Monthly Archives: September 2014

Yelm Jim’s Fish Weir at Puyallup

Yelm Jim's fish weir on the Puyallup River ca. 1885. Click for high resolution.  Source:  http://www.digitalarchives.wa.gov/Record/View/DAA73FC7A57E989D65B6DBEA419FC89E

Yelm Jim’s fish weir on the Puyallup River ca. 1885. Click for high resolution. Source: http://www.digitalarchives.wa.gov/Record/View/DAA73FC7A57E989D65B6DBEA419FC89E

So for one reason or another I’ve been thinking about fish weirs lately.  A picture can be worth a thousand thoughts though, so I was happy to see these two shots of a massive weir photographed ca. 1885 on the Puyallup Indian Reservation (map) near Tacoma, southern Puget Sound, Washington.  I’m sure these are common knowledge images but for some reason I hadn’t come across them before.  If you’re new to weirs I posted something on them before, referencing the monumental reconstruction of one on the Koeye River.  Essentially they are a method for controlling the upstream migration of salmon, allowing for stock assessment and selective harvesting.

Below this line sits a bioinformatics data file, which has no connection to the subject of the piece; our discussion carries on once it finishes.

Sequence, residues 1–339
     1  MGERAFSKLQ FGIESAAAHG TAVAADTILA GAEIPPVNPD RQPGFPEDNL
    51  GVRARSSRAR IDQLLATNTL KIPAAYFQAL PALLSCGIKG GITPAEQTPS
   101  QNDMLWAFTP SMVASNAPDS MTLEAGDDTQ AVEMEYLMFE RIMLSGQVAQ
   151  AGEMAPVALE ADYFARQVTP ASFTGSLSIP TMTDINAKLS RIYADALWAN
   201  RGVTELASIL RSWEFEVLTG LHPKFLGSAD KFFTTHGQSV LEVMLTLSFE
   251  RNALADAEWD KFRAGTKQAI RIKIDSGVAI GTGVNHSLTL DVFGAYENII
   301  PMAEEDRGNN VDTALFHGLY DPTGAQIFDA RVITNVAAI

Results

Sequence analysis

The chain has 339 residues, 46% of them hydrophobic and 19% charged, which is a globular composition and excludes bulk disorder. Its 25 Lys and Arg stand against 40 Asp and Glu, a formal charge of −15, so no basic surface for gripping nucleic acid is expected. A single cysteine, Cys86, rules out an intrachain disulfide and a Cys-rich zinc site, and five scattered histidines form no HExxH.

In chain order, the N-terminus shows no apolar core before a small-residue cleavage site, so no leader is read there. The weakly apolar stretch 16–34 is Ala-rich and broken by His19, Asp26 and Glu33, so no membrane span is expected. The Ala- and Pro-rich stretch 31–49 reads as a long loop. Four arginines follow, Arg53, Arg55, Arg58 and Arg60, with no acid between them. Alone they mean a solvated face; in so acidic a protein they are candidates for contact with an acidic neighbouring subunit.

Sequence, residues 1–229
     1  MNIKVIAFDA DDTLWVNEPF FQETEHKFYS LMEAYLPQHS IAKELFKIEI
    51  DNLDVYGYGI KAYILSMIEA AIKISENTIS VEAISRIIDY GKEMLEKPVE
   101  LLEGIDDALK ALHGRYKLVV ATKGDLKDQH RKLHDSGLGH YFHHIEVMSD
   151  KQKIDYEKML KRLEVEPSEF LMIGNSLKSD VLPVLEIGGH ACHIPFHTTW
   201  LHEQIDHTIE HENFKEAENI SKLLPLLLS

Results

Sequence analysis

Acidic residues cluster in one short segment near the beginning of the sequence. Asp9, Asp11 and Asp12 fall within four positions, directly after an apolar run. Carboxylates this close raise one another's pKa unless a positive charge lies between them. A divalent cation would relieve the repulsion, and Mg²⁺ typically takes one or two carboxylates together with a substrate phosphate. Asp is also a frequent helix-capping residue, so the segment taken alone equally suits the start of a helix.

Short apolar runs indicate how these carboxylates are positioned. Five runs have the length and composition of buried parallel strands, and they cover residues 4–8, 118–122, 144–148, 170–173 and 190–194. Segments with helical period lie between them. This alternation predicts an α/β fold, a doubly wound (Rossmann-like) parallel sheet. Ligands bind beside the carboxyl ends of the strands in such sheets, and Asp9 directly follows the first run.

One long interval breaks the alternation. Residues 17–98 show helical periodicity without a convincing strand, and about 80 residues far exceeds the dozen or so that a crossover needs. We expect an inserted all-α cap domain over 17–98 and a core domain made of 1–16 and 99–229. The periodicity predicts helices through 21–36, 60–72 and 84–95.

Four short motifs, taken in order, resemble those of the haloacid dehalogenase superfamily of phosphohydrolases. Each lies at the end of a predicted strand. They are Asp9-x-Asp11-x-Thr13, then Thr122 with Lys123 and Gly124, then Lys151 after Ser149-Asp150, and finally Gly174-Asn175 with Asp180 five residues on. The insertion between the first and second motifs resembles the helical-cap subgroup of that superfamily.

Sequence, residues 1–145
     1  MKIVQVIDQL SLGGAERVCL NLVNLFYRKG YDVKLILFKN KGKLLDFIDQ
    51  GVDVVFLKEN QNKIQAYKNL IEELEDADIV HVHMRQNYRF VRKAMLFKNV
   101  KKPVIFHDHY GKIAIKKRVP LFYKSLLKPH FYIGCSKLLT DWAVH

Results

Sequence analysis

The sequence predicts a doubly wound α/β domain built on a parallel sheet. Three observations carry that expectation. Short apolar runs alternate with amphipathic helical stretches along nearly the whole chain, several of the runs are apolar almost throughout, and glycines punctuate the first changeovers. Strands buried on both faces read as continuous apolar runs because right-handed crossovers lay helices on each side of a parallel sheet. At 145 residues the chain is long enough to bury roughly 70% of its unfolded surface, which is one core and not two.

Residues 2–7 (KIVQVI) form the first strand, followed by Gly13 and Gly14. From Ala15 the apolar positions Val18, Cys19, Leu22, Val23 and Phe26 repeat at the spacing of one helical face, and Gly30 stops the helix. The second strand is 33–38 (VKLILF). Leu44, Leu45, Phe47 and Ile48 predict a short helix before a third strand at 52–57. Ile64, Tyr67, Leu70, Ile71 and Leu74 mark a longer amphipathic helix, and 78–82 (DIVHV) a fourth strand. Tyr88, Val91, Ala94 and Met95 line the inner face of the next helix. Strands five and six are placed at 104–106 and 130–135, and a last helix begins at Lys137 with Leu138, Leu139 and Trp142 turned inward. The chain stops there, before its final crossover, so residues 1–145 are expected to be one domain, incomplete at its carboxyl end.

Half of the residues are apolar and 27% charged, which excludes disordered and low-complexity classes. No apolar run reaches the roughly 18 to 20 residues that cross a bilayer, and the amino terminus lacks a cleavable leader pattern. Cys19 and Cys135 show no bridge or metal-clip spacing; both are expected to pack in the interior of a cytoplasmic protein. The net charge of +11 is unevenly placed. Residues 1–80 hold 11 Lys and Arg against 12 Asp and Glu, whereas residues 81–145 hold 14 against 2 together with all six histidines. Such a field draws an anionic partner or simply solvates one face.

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ASBC Victoria Talk: Tuesday September 16, Jenny Cohen on Paleoethnobotany of Kilgii Gwaay

2002 excavations at Kilgii Gwaay Site.

2002 excavations at Kilgii Gwaay Site.

Paleoethnobotany of Kilgii Gwaay: a 10,700 year old Ancestral Haida Archaeological Wet Site

Jenny Cohen

Tuesday, September 16, 2014, 7:30 pm

Cornett Building B129

(North End of Cornett building)

University of Victoria (map)

The Victoria Chapter of the Archaeological Society of BC (ASBC) has a long-running monthly Fall-Spring speaker series which is starting again next week.  The speaker is UVic Anthropology graduate student Jenny Cohen, speaking on results from her paleobotanical analysis of the 10,700 year old intertidal wet site, Kilgii Gwaay, in southern Haida Gwaii.  It’s a fascinating site which gives real insight into the way of life of Ancestral Haida at the Pleistocene-Holocene transition and I’m sure Jenny’s thesis, nearing completion, will be of wide interest.

If you don’t have enough Kilgii Gwaay in your life then I recommend you jump over to the Burnt Embers blog, where there are some excellent photos from the tricky intertidal excavations at that site a few years ago: Setting Up;  Keeping Water Out; Putting Water InWater Screening; and Kilgii Gwaay Finds.

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